Wacom Bamboo Spark: Digitising handwritten notes

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Wacom Bamboo Spark

A smart folio that sends written notes to the cloud with a single click
 
Don’t listen to anyone who says handwritten notes are obsolete in the digital age. If you’ve been to the high street stationery shop recently then you already know that notebooks and notepads remain a huge draw – and not just for the Cath Kidston gingerbread crowd or folks who can’t tell an iPad mini from a nether-region napkin brand.

For avid note-takers like me who also work with digital input devices, the humble pen and pad remain indispensable tools. Why else would my favourite tablet case pack a ballpoint and some fresh blank sheets? Quite simply, no stylus-tablet combo has faithfully reproduced the tactility of handwriting onto a page, and probably never will.

Writers often get a feel for specific types of stock, certain pens develop their own character, even the smell of ink on paper can aid concentration and provide a more embodied connection with the expression of ideas on the page.

Plenty of visual artists will tell you the same thing, despite the wide adoption of high quality drawing tablets by the likes of Wacom. So it’s little wonder that the Japanese company best known for input devices has unveiled its second attempt to marry two types of media traditionally considered to be at odds with each other: analogue and digital.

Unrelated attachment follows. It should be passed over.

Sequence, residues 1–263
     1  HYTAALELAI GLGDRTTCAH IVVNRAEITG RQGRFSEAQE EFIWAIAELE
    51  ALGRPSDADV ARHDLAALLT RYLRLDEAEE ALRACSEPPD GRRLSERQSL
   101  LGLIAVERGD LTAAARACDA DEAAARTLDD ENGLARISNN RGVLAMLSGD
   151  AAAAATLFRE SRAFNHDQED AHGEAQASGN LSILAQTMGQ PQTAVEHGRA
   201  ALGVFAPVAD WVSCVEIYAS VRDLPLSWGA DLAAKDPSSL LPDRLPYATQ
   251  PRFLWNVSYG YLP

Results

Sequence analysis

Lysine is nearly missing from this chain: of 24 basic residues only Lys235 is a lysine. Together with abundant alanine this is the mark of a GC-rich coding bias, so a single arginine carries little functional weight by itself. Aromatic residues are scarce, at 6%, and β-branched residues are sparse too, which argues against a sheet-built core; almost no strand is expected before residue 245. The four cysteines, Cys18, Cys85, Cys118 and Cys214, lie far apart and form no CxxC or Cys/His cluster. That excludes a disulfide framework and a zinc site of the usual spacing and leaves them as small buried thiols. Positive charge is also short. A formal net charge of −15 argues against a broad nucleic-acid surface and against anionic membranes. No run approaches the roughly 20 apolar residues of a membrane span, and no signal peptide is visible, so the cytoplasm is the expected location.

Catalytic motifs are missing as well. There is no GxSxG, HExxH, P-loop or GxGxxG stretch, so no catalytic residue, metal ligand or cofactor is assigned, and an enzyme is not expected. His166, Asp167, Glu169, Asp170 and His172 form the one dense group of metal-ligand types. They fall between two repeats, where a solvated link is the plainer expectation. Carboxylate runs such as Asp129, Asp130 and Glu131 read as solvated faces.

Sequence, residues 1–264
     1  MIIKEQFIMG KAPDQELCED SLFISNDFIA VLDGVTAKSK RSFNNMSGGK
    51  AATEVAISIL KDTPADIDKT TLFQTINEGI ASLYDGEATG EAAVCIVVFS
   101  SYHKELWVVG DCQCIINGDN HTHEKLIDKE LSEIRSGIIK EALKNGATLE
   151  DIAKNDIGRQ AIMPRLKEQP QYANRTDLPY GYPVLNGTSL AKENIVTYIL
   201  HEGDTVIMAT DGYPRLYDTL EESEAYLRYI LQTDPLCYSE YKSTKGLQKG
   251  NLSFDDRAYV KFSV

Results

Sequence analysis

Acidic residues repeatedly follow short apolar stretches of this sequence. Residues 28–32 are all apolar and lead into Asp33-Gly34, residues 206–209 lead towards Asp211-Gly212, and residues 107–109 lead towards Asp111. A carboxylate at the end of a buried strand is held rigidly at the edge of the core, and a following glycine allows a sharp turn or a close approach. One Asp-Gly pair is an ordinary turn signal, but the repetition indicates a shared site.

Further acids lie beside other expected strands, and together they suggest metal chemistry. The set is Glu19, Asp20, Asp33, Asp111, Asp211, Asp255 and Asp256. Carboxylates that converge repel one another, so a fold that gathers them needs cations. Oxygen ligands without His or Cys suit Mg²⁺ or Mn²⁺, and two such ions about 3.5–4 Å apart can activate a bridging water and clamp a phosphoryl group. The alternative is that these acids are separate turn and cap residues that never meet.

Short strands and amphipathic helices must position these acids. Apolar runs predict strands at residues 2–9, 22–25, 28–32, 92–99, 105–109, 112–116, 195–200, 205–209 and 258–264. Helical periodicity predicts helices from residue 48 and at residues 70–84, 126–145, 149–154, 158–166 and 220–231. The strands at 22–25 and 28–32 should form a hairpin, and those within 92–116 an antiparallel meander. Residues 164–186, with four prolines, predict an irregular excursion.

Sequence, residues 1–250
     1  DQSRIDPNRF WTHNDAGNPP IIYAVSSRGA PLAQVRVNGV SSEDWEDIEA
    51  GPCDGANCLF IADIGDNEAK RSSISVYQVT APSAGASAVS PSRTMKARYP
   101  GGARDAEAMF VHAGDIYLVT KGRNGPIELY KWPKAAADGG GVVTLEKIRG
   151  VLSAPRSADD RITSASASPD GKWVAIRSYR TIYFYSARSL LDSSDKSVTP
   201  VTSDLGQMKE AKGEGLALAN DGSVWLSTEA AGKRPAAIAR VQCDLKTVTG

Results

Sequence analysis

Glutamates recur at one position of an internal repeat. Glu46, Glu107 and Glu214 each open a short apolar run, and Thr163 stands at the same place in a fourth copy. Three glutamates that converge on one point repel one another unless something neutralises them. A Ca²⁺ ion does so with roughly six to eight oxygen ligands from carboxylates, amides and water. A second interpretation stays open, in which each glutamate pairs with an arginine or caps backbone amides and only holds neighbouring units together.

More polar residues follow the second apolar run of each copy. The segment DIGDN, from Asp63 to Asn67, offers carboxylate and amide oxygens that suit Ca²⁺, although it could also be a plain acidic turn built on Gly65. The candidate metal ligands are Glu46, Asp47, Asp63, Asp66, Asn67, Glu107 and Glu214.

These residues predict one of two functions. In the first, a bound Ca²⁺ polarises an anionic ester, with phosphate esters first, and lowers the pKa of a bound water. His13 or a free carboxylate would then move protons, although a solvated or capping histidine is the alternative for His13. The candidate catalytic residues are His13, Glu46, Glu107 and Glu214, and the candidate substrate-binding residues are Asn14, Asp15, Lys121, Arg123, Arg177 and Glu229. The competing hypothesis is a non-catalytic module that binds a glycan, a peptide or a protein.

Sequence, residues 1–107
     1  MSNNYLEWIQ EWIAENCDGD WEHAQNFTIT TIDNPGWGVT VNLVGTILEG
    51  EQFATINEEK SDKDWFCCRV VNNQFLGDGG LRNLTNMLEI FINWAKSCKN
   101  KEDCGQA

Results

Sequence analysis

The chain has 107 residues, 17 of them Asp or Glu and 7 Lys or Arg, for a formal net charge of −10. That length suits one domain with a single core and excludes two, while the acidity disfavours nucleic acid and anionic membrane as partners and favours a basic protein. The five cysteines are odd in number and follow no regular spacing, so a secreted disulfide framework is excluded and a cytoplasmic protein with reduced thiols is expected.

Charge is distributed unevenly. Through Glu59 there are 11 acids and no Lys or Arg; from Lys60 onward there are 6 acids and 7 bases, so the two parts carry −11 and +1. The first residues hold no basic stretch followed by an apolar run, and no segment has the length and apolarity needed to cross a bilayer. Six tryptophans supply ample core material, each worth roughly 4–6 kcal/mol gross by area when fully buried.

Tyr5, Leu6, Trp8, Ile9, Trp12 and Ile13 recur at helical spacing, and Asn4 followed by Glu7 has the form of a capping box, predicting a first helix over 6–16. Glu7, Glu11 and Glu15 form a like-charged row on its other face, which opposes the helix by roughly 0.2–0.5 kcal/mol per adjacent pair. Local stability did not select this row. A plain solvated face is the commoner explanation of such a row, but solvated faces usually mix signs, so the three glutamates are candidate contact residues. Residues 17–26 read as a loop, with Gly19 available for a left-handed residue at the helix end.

Beyond an inkling

Remember the Inkling, Wacom’s admirable but largely ill-received pen/receiver clip set for taking digital notes on regular paper? Forget that. Meet the Bamboo Spark, Wacom’s new ‘smart folio’ for doing the same thing – no clip needed.

Wacom Bamboo Spark

How does it work? Wacom cites a newly patented ‘electromagnetic resonance sensor’ the size of an A5 sheet that lives inside the folio case, just underneath the notepad (which is easily replenished with any A5 equivalent – you can write on paisley patterned bramley sprig stock for all Wacom cares, just as long as the pad holds no more than 50 sheets).

Wacom Bamboo Spark in box

 

Wacom Bamboo Spark Pen

When you apply pressure on the paper with Wacom’s smart ballpoint pen – non-powered, proprietary cartridge; two refills come spare – the sensor captures each stroke in its onboard memory, which can store up to 100 pages.

Wacom Bamboo Spark

Digital notes locked inside a woven cloth case? What fresh hell is this? I hear you ask. But wait. Wacom provides a free app, too.

Fire it up on your iOS/Android phone or tablet, press the button on the spine of the Spark and the case pairs with your device over Bluetooth, before swiftly syncing your digitised notes to a free 5GB Wacom cloud account, where you can share, edit and export notes as images or vectorised PDFs, and even something called WILL (Wacom’s ink layer framework – no relation to will.i.am).

 

NotesBamboo Spark syncNote synced in Bamboo Spark app